Cosmic Microcosm

Alexander Gorlizki’s paintings bridge continents, traditions, and the gulf between us

Alexander Gorlizki’s fifteen-year fascination with Indian miniature paintings has blossomed into a body of work notable for its intricate beauty, and fluid, almost free associative imagery, not to mention the collaborative nature of how it is made. By commissioning Riyaz Uddin, a master miniaturist painter in Jaipur, these imaginative and compelling works bring together some radically different approaches to art.
Gorlizki blends a personal visual language of Victorian plumbing, boxwood topiaries, 19th-century naturalists’ engravings, images of Western notables (and more) into the 600-year-old tradition of Moghul painting with subtlety and subversion.  Riyaz Uddin brings almost 25 years of experience as a traditional miniaturist to the partnership.  He understands the breathless precision required of a master miniaturist, where every detail, much of it gloriously decorative, must be perfectly rendered.
Gorlizki develops the iconography, patterns, compositions and color schemes, often on antique papers and photographs. Uddin then applies techniques and tools that have been used since the 15th Century. Jewel-colored pigments and crushed gold leaf are applied with single hair-tipped brushes with phenomenal precision and delicacy, and the colors are fused into the paper with an agate burnishing stone. Working side by side in the studio or shipping images back and forth between New York and Jaipur, the paintings evolve layer by layer, often over a period of years. Since 1996, the project has grown and the atelier now includes a number of other artists with different talents working on the paintings, often passing the work from hand to hand.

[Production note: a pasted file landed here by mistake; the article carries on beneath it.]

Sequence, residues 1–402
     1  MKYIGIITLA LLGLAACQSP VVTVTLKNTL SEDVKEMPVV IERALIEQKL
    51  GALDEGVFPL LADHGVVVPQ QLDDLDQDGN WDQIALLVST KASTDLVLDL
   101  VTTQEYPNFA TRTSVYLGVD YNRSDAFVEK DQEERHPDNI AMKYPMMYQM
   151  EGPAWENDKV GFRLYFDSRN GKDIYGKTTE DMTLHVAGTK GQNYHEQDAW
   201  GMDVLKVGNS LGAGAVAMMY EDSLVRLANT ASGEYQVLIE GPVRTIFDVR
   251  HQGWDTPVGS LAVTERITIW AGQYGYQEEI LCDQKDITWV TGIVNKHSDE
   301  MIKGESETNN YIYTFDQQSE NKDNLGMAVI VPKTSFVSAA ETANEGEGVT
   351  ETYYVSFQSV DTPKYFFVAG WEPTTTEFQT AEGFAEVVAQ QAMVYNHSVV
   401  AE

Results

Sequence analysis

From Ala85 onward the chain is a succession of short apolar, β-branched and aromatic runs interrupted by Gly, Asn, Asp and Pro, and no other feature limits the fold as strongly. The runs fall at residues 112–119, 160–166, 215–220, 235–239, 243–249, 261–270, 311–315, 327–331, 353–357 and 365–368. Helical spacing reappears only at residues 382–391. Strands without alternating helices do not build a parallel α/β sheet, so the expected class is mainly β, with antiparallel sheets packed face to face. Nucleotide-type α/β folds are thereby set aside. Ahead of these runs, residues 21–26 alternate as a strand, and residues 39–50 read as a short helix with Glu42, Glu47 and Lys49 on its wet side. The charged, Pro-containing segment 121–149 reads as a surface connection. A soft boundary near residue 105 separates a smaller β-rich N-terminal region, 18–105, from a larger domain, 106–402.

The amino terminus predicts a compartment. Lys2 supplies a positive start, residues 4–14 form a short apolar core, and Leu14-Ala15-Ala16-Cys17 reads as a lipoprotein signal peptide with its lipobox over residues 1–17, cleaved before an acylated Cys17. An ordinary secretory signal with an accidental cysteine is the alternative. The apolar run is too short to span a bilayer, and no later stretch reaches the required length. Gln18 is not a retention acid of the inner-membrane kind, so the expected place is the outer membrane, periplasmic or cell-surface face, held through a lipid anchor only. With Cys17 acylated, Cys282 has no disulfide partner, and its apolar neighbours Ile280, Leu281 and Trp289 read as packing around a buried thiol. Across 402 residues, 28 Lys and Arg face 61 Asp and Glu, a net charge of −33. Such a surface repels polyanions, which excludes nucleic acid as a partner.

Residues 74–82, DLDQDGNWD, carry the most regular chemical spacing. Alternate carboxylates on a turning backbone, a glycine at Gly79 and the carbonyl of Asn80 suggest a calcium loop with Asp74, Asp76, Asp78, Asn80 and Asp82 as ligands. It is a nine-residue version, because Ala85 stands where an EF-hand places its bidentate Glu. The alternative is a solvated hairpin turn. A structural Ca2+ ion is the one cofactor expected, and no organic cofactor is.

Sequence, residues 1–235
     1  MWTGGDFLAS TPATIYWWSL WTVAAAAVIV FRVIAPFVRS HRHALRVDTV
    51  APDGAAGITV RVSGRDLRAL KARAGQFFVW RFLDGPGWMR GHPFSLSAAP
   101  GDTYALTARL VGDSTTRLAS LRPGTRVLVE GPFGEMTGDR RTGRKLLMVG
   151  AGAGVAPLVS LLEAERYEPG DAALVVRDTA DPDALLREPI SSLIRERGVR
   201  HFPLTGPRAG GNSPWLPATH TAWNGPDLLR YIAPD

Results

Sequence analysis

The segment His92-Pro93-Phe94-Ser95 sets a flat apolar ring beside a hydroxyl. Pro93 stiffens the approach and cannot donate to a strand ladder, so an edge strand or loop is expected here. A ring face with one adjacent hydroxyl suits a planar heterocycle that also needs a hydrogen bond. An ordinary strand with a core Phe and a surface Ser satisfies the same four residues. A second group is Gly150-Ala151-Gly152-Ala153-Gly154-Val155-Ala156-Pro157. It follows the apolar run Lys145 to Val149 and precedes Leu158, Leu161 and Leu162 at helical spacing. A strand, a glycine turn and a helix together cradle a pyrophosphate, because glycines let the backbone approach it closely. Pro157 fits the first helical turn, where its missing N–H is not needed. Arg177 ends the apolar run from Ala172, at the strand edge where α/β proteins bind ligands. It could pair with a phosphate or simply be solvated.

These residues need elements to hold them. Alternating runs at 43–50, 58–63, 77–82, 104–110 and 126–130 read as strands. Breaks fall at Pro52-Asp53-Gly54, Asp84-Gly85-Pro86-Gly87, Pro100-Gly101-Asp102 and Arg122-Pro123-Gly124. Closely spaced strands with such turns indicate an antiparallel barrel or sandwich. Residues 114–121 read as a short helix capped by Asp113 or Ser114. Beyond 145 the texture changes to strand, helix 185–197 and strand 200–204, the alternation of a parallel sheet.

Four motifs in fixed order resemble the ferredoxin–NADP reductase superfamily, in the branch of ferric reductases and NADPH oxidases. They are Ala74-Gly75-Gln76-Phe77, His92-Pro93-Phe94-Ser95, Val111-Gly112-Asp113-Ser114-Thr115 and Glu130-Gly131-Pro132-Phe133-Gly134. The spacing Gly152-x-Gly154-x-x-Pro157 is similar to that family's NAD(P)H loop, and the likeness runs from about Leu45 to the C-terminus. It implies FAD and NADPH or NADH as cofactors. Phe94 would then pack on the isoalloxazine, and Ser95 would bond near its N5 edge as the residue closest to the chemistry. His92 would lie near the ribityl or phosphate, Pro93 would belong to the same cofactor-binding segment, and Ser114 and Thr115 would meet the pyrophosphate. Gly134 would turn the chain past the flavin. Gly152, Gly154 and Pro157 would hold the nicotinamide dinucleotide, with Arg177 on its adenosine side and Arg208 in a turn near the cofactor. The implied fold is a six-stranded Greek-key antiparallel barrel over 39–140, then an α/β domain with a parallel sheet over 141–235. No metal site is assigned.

“Looking at an early Indian miniature painting feels like snorkeling over a coral reef. There’s a sense of intimacy, tenderness and awe,” comments Gorlizki in words that explain some of the work’s psychological fluidity.  “They were originally intended to be hand-held, to be viewed in the same way as they were painted. Looking at arm’s length I get a sense of the whole, of stories being told. There’s no single vanishing point to get sucked into but rather a plane to linger over with different perspectives and focal points. Moving closer I get lost in the breathtaking detail, going in and out of focus, feeling the eye as a muscle. Some forms dissolve and new shapes, colors and patterns take on a mesmerizing life of their own.”
It’s not just the paintings that attract Gorlizki, though. When he describes his work, you hear the chatter of Uddin’s workshop, the interruptions of children and passing peddlers, the cups of sugary tea and the smell of cooking food outside.  He is at home in the Jaipur atelier, and the painters there are at home with him. 
Gorlizki describes himself and Uddin as “paper fetishists, stroking loose sheets from old manuscripts, inspecting worm-eaten pages from ledgers. Some of the sheets are patched or have court seals, partially covered in texts in Urdu, Sanskrit or Hindi. Riyaz picks up a sheet and says ‘Alex, look at this; it’s from Shah Jahan’s time. Feel it, it’s like butter.’”
Working on such intimate terms requires a general lowering of barriers between people. And, appropriately enough, the work makes you want to blur a few boundaries as well.  It invites you to release any pre-conceived notions about what is logical and what is mystical, about what is real and what is impossible. It invites an intimate gaze, and promises something delicious if you stop to look.  The experience recalls that old piece of paper exchanged between Uddin and Gorlizki: it’s like butter. 
See more of Alexander Gorlizki’s work at



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